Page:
People who recognize the role of bicycles in sustainable transportation have been talking this week about comments by U.S. Secretary of Transportation Ray LaHood. On his blog this week, he wrote:
As I said today in testimony before the House Energy and Commerce Committee, this includes fostering communities where bicyclists feel both safe and welcome on the roadways. Bike-friendly development also has the potential to contribute significantly to the revitalization of downtown districts and offer an alternative to sprawl and automobile-focused commuting.
This line of thinking marks a departure from LaHood’s predecessor, who didn’t see bicycles as having much to do with transportation.
LaHood issued a call to arms, of sorts, describing funding sources for bicycle and pedestrian infrastructure and urging advocates to “get their cities and states to request funds for these projects.”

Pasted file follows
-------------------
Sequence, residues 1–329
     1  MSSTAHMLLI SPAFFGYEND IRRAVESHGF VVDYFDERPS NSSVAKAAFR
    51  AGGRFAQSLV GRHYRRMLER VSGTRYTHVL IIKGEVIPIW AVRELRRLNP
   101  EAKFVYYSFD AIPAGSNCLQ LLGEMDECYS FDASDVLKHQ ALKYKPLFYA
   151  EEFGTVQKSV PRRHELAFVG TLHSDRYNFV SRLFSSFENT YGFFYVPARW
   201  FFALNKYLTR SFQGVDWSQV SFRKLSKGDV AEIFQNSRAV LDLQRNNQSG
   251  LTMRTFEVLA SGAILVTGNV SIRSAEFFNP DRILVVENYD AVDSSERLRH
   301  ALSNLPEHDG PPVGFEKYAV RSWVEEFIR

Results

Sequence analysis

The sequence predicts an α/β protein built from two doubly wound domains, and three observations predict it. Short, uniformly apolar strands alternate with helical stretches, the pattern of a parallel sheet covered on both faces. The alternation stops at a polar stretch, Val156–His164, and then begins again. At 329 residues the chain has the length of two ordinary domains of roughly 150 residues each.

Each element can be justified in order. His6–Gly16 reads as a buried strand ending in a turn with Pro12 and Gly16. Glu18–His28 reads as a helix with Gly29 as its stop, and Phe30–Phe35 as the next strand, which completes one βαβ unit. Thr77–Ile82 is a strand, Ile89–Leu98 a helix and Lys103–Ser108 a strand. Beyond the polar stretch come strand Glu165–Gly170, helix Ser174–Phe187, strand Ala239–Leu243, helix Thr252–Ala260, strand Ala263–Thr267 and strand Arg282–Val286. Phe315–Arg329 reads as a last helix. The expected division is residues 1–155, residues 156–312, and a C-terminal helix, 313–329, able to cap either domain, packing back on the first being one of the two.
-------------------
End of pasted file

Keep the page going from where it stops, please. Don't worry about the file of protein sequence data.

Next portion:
Here in Savannah, a group of advocates has already been following LaHood’s advice and there are two important opportunities for the public to show support in the near future.
While LaHood’s comments are encouraging, I can’t help but recognize the reality of the situation. As a bicyclist and pedestrian, I must lobby local and state officials and plead for inclusion in transportation funding requests. Yet as a motorist, no such action is required of me. Automobile infrastructure is automatic, even when it isn’t wanted, even when it excludes other users and even when it comes at such a high social cost.